Every city has different engineering practices, and every street has different characteristics and needs. Therefore, this guide doesn’t offer strict design guidelines, but rather larger considerations and specific design features that solve some of the challenges that cycle tracks pose for pedestrians.

Cover of MAPC's How to Do a Parking Study

How to Do a Parking Study (MAPC, 2019)

Any discussion of parking needs should begin with a survey of existing use. Many simple counts can be accomplished by community staff or local volunteers with minimal training. The guidance below is intended primarily for community staff and local volunteers in designing a survey and collecting parking data.

Cover of Caltrans' Pedestrian Safety Countermeasures Toolbox

Pedestrian Safety Countermeasures Toolbox (Caltrans, 2019)

This document provides a set of tools for improving pedestrian safety on the State Highway System. It was designed to be used to address issues identified during traffic safety investigations conducted while evaluating high collision concentration locations and systemic safety locations. However, these tools may be used more generally to improve pedestrian safety.

Cover of Caltrans' Bikeway Classification

Bikeway Classification (Caltrans, 2017)

This guide clarifies the different types of bikeways that can be implemented for bicyclists in cities.  

Cover of FHWA's Small Town and Rural Multimodal Networks

Small Town and Rural Multimodal Networks (FHWA, 2016)

This document is intended to be a resource for transportation practitioners in small towns and rural communities. It applies existing national design guidelines in a rural setting and highlights small town and rural case studies. It addresses challenges specific to rural areas, recognizes how many rural roadways are operating today, and focuses on opportunities to make incremental improvements despite the geographic, fiscal, and other challenges that many rural communities face.

Cover of AARP's Walk Audit Tool Kit

Walk Audit Tool Kit (AARP, 2016)

The AARP Walk Audit Tool Kit Leader Guide builds upon the AARP Walk Audit Tool Kit, a step-by-step self-service guide for assessing a community’s walkability. This guide helps a community leader or group conduct a larger-scale walkability event consisting of a workshop and an on-the-ground walk audit in which teams of volunteers observe and document the use and safety of local streets.

Cover of NACTO's Urban Bikeway Design Guide

Urban Bikeway Design Guide (NACTO, 2014)

The purpose of the NACTO Urban Bikeway Design Guide (part of the Cities for Cycling initiative) is to provide cities with state-of-the-practice solutions that can help create complete streets that are safe and enjoyable for bicyclists.

Cover of SCAG's Conducting Bicycle and Pedestrian Counts

Conducting Bicycle and Pedestrian Counts (SCAG, 2013)

This manual presents a bicycle count protocol for the Southern California region that provides consistency and direction for bicycle and pedestrian counts as well as guidance for choosing count technologies. Currently, the differing time periods, choice of methodology, and other variables make it difficult to compare existing count data sets. This manual is intended to establish a standardized bicycle count methodology across the SCAG region so that counts are reliable and comparable across jurisdictions.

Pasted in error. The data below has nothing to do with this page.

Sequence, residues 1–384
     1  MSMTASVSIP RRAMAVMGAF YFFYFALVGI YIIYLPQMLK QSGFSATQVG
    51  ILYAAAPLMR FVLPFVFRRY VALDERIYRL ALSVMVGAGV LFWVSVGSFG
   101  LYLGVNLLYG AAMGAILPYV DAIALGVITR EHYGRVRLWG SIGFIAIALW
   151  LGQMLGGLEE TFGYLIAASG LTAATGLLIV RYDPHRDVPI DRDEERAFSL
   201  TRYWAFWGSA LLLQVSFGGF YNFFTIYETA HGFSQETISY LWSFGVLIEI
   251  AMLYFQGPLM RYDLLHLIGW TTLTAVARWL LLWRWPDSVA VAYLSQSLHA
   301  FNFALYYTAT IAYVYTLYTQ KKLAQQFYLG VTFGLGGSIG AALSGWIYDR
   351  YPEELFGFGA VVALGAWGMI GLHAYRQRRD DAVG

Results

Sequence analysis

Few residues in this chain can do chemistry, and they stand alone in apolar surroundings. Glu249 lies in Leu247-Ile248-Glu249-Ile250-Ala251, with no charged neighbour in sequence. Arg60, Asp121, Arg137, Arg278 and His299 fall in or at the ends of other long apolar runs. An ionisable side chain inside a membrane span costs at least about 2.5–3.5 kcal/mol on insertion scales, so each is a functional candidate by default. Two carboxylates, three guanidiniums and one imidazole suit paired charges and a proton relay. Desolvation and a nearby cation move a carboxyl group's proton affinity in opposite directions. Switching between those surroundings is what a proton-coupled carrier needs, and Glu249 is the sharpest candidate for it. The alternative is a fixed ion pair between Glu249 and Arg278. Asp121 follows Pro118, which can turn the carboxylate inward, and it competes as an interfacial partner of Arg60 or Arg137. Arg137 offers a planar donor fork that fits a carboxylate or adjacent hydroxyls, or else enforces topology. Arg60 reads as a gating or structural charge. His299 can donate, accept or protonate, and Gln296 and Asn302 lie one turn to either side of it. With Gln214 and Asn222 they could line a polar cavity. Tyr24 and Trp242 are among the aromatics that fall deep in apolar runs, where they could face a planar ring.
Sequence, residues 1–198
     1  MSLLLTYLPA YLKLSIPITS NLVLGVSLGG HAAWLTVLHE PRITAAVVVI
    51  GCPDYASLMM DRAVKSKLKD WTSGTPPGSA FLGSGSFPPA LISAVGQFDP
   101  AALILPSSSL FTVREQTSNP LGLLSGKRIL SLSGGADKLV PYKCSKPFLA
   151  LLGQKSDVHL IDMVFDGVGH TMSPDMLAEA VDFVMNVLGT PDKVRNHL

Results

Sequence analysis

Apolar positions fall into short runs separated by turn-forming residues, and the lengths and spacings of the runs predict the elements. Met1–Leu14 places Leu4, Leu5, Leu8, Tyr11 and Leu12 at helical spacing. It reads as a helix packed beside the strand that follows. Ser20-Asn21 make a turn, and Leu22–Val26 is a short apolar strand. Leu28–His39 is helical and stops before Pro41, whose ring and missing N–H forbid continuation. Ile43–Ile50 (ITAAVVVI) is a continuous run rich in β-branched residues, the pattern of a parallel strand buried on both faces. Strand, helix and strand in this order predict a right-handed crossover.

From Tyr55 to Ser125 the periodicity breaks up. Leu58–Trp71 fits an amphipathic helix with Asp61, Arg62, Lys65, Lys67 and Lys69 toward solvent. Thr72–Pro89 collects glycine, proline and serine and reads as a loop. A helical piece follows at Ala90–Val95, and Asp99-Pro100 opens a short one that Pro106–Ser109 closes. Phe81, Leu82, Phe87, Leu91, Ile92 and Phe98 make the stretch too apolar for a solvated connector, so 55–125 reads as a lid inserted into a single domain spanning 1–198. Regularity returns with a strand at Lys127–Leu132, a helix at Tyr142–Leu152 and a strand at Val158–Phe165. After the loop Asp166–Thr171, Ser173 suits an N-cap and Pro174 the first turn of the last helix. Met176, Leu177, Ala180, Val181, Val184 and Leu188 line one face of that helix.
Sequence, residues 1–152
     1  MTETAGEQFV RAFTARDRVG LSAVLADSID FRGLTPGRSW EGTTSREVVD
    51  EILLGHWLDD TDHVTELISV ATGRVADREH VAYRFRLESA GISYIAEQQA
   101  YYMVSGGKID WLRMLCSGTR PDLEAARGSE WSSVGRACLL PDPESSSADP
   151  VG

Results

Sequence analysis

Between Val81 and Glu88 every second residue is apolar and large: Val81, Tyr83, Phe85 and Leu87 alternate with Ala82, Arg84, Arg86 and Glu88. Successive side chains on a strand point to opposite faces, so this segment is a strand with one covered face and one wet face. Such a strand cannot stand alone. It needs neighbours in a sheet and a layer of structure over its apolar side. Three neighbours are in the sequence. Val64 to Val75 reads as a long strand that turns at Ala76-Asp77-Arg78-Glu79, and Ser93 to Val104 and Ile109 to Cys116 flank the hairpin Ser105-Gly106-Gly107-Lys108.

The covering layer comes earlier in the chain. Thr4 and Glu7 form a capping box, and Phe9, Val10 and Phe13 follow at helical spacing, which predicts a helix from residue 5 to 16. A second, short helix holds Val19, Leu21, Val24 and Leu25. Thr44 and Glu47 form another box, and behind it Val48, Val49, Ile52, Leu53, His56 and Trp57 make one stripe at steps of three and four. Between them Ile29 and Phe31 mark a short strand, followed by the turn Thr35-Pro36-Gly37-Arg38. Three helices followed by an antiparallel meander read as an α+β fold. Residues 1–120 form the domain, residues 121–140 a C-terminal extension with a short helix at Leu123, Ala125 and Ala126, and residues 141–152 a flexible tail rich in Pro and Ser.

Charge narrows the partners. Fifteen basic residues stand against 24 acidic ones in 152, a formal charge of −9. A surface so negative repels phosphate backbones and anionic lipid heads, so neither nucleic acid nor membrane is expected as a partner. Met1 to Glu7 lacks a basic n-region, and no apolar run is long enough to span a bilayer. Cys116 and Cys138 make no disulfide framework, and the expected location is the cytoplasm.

Cover of AASHTO's Guide for the Development of Bicycle Facilities

Guide for the Development of Bicycle Facilities 4th Edition (AASHTO, 2012)

Local, state, and federal agencies are responding to the increased use of bicycles by implementing a wide variety of bicycle-related projects and programs. This interest in bicycle transportation calls for an understanding of bicycles, bicyclists, and bicycle facilities. This guide addresses these issues and clarifies the elements needed to make bicycling a more safe, comfortable, and convenient mode of transportation.

Cover of The Street Plans Collaborative and Next Gen's Tactical Urbanism Volume 2

Tactical Urbanism Volume 2 (The Street Plans Collaborative/Next Gen, 2012)

In 2012, The Street Plans Collaborative and the CNU NextGen: The Next Generation of New Urbanists responded to growing demand and released the second volume of the Tactical Urbanism open-source guide. This volume takes insight from the authors as well as from over 150 people who attended the first Tactical Urbanism Salon in 2011. Volume 2 is more than an update of the first and includes a discussion of the rise of Tactical Urbanism and the spectrum of interventions. It also covers 12 additional short-term actions inspiring long-term change.

Cover of Caltrans' Guide for the Preparation of Traffic Impact Studies

Guide for the Preparation of Traffic Impact Studies (Caltrans, 2002)

Caltrans desires to provide a safe and efficient State transportation system for the citizens of California pursuant to various Sections of the California Streets and Highway Code. This is done in partnership with local and regional agencies through procedures established by the California Environmental Quality Act (CEQA) and other land use planning processes. The intent of this guide is to provide a starting point and a consistent basis in which Caltrans evaluates traffic impacts to State highway facilities. The applicability of this guide for local streets and roads (non-State highways) is at the discretion of the effected jurisdiction.

Cover of SCAG's Community Walkability Checklist

Community Walkability Checklist (SCAG)

Everyone benefits from walking. These benefits include: improved fitness, cleaner air, reduced risks of certain health problems, and a greater sense of community. But walking needs to be safe and easy. Take a walk and use this checklist to decide if your neighborhood is a friendly place to walk. 

Cover of SCAG's Community Bikeability Checklist

Community Bikeability Checklist (SCAG)

Some communities are more bikeable than others: how does yours rate? Read over the questions in this checklist and then take a ride in your community, perhaps to the local shops, to visit a friend, or even to work. See if you can get where you want to go by bicycle, even if you are just riding around the neighborhood to get some exercise.

Cover of AARP's Walking Group Toolkit

AARP Walking Group Toolkit (AARP)

The Walking Group Tool Kit is designed to provide individuals, organizations and community groups easy ideas on how to start a walking group.